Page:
W: Yes. So we are able to change the message. And one of the key mechanisms that we have that we do is we use “viruses.” So viruses normally they infect the cell and they inject their genetic material into the cell and then they essentially start producing their protein will form more virus. What we do as we strip all that out of the virus and we just put the gene that we want to deliver. And we used there are several viruses we can use, one that’s really proven very well and actually there is an approved therapy for a lipoprotein deficiency. It’s approved in Europe, it’s not approved in the United States, using the same virus called the …. virus and these are great delivery vehicles for genes. Obviously we can look at replacing some of the faulty genes are blocking some of the gene that we don’t, that we don’t want to spread live the cancer. But probably more effective will be to place genes into cancer that stimulate the immune system to attack it, that the cancers are producing, basically producing its own death sentence. And by making things that cause the immune system to want to attack it.
N: You’ve talked about your research in these rats.
W: Right, yes.
N: Now you said that they lived for a year, a little over year and then more than a year. It even went into 2 years after being allowed to live rather than sacrificed. Were any of these subjects ever allowed to reproduce? Was there any research done in their offspring to see if maybe there were certain genes in the offspring that would make it so that they weren’t gonna get cancer at all?
W: Right and we didn’t personally though. Another group that was studying, they’re studying the same gene, looking at it for muscular dystrophy. They did study the reproductive capability that the animals could still reproduce. We didn’t personally look at that, this to me the thing with this gene was that the gene you really probably want to turn on more as when you’re an adult. It can be involved with certain developmental aspects when you’re younger and you don’t want it express more then. But as soon as you hit adulthood you could probably use to have more of this and so that …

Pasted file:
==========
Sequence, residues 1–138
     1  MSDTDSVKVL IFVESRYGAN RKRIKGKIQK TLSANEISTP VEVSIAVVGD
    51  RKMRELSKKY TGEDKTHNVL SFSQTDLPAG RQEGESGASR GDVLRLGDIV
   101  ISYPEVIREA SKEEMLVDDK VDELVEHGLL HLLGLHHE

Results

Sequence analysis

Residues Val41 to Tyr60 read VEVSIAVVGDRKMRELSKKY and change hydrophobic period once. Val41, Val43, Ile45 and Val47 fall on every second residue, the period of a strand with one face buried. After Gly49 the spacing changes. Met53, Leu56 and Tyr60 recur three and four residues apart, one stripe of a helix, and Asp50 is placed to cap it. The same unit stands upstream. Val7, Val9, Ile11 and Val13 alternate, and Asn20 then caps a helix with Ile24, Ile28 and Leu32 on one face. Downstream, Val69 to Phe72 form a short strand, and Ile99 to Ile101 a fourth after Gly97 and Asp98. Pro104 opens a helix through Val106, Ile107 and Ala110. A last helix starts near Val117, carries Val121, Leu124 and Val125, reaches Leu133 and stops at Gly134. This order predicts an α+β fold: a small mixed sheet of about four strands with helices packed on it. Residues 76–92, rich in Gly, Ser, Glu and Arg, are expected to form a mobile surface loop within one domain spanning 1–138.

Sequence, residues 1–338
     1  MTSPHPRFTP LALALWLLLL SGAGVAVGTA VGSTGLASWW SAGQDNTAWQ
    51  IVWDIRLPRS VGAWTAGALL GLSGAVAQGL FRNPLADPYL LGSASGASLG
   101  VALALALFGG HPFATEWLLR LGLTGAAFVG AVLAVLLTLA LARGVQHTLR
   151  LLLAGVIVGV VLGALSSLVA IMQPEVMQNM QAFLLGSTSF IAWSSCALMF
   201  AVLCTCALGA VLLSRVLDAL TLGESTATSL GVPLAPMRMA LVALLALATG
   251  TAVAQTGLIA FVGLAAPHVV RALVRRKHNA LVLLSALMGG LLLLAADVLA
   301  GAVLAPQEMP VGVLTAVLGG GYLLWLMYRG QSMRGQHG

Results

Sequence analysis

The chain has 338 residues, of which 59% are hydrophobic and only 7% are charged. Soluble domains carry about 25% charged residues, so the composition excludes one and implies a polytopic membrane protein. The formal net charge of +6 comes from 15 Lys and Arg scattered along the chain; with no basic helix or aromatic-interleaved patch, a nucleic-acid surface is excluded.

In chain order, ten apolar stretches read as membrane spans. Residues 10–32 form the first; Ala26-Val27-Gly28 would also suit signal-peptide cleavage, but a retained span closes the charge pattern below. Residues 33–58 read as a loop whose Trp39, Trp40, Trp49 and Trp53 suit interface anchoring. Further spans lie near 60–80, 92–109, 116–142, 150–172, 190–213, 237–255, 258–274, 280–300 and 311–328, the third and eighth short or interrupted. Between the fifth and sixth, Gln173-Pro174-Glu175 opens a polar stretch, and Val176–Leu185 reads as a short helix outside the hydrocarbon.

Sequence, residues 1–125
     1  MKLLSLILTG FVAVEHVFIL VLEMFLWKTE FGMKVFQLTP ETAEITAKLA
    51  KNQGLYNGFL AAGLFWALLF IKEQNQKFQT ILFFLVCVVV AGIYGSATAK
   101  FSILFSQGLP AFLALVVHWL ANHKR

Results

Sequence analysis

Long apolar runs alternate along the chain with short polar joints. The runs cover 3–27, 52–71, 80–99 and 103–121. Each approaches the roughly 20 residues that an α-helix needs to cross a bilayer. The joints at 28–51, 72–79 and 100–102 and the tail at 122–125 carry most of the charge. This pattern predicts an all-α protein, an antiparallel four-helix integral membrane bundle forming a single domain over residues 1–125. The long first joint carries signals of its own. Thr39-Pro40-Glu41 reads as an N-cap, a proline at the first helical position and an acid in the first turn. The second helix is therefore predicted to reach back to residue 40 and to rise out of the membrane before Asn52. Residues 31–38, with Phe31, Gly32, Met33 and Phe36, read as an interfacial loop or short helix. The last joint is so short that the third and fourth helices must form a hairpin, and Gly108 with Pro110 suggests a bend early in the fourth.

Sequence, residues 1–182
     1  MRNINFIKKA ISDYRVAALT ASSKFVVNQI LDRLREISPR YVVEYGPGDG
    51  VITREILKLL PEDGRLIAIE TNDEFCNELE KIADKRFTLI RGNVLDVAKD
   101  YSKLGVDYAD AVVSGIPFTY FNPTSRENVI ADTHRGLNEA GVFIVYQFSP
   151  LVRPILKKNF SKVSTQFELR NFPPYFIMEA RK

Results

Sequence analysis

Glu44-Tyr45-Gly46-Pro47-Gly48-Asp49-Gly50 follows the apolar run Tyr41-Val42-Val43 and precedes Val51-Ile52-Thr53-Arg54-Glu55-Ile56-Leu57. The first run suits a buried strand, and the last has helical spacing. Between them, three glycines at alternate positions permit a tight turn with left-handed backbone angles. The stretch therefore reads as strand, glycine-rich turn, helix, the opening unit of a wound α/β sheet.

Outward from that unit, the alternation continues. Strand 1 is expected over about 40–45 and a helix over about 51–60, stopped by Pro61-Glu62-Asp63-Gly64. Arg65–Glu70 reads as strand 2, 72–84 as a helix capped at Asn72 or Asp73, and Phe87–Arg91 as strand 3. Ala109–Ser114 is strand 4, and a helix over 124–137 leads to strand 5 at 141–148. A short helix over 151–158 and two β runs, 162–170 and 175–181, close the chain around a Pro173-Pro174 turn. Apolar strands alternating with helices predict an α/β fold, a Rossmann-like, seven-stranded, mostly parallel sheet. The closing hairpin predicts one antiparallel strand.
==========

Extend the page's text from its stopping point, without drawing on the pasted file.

N: So that’s as an enhancement, as an enhancement to your okay, to your already existing defenses, yeah?
W: Exactly. And the gene, if you put it into a person or animal it doesn’t really affect the reproduction. It doesn’t transfer to the offspring. It’s in the cells that are already developed, personally we actually purposely try to put them into the muscle cell because that’s where the most reaction form takes place. And the muscle can actually be used it’s kind of your own factory to produce the protein from this gene. And obviously it’s the muscle that’s affected the most where you give enhanced muscle mass which leads to basically a better metabolic… You’re not as likely to gain weight with that or you have more muscle mass. Obviously when you’re older you’re gonna be likely to be ill and fall and these types of problems.